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A: There are those who suspect Wildflower Center volunteers are the culpable and capable culprits. Yet, others think staff members play some, albeit small, role. You can torture us with your plant questions, but we will never reveal the Green Guru's secret identity.

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Ask Mr. Smarty Plants is a free service provided by the staff and volunteers at the Lady Bird Johnson Wildflower Center.

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Tuesday - April 02, 2013

From: Salem, OR
Region: Northwest
Topic: Container Gardens, Shrubs
Title: Flowering evergreen plant for ceramic pot
Answered by: Nan Hampton

QUESTION:

I have a deep ceramic pot that I would like to put in a flowering evergreen plant or bush. It is on the deck facing west but with north and south exposure and afternoon sun.

ANSWER:

First, let me recommend our How to Article, Container Gardening with Native Plants.

Next, I suggest that you visit our Oregon Recommended page (as I did) to search for a plant for your ceramic pot.  Your description of the place you want it to grow it sounds as if you have part shade there (2 to 6 hours of sunight per day).  I am assuming the pot is large enough to hold a small shrub so I used the NARROW YOUR SEARCH option and chose "Shrub" from the General Appearance slot.  This resulted in 48 species from this list of commercially available native plants suitable for landscaping in Oregon.  I used the NARROW YOUR SEARCH option again to choose "Part Shade" from Light Requirement and "Evergreen" from Leaf Retention.  The first six suggestions were selected from the search on the Oregon Recommended list.  You might try the same search to look at the other possibilities on the list.  A few of the choices below may be taller than you want, but you can use some judicious pruning to keep the shrub size you want.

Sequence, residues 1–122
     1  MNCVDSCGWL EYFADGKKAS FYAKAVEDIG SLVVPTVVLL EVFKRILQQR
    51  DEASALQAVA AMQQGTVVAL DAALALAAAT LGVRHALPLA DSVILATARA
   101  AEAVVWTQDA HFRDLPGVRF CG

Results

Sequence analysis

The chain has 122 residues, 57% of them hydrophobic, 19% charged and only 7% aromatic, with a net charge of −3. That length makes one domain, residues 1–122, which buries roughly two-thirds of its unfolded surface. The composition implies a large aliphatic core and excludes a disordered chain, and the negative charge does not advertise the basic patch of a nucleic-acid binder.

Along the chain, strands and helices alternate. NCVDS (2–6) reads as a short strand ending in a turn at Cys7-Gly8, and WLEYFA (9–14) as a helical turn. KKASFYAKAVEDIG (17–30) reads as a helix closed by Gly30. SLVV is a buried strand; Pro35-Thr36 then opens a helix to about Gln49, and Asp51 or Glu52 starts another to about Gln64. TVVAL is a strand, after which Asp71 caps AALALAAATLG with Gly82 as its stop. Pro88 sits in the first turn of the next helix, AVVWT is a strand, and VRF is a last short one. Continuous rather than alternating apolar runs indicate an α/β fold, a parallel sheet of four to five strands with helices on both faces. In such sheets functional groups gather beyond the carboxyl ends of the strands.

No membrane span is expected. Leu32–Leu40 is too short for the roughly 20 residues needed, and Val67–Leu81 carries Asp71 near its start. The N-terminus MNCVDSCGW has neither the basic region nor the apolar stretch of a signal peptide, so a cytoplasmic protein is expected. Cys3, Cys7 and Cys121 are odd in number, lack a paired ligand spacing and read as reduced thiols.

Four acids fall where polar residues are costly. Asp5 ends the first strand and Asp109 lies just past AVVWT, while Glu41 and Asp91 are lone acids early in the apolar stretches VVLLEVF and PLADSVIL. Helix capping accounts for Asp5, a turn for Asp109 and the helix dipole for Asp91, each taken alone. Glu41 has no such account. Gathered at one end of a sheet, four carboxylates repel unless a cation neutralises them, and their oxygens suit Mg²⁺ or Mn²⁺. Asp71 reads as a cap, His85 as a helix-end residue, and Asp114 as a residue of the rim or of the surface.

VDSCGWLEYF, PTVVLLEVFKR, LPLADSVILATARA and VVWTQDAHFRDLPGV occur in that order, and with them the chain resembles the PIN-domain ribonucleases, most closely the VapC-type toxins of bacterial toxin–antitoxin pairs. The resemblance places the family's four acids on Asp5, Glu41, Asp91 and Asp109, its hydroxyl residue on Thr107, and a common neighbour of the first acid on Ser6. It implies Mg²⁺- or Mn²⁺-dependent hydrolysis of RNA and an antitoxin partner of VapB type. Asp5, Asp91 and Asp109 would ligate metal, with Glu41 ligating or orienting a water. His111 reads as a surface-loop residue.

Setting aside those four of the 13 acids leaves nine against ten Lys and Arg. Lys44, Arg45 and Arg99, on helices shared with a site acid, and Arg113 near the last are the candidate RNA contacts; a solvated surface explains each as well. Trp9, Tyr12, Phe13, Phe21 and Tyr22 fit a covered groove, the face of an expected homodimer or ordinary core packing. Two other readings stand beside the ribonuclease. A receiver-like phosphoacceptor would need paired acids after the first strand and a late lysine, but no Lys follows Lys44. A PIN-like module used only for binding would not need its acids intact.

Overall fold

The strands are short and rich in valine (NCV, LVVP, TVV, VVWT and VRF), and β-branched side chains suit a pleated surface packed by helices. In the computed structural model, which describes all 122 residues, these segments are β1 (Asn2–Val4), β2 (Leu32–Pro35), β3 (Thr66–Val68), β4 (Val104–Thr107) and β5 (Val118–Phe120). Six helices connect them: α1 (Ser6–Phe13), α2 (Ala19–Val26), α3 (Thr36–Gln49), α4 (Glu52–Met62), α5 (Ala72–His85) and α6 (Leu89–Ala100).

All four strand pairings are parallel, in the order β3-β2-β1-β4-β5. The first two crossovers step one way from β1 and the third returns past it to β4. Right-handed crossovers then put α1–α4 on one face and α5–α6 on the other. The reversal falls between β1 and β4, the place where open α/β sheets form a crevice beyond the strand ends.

The Oregon Recommended page is a subset of our Native Plant Database so I also did a COMBINATION SEARCH in our Native Plant Database, choosing "Oregon", "Shrub", "Part Shade" and "Evergreen" from the appropriate slots to find the Blue Blossom Ceanothus.  There are more choices using those criteria that I used.  (You can also choose other criteria.)

Ceanothus velutinus (Snowbrush) grows in sun, part shade and shade 3 to 5 feet high.

Gaultheria shallon (Salal) grows in sun, part shade and shade 1 to 4 feet high.

Mahonia aquifolium (Hollyleaved barberry) grows in shade and part shade 1 to 3 feet high.

Mahonia repens (Creeping barberry) grows in part shade 1 to 3 feet.

 Rhododendron macrophyllum (Pacific rhododendron) grows 5 to 25 feet high in part shade and shade.

Morella californica (California wax myrtle) grows 10 to 25 feet high in sun and part shade.  Here are photos and more information from Great Plant Picks.

Ceanothus thyrsiflorus (Blue blossom) grows 3 to 18 feet high in part shade.

I tried a similar search in both the Oregon Recommended page and using the COMBINATION SEARCH in the Native Plant Database and substituting "Herb" for "Shrub" and the result was mostly ferns, not flowering plants, or very small herbs.   You should try that search for yourself, too.

 

From the Image Gallery




Salal
Gaultheria shallon

Holly-leaved barberry
Mahonia aquifolium

Creeping barberry
Mahonia repens

Pacific rhododendron
Rhododendron macrophyllum

Blueblossom
Ceanothus thyrsiflorus

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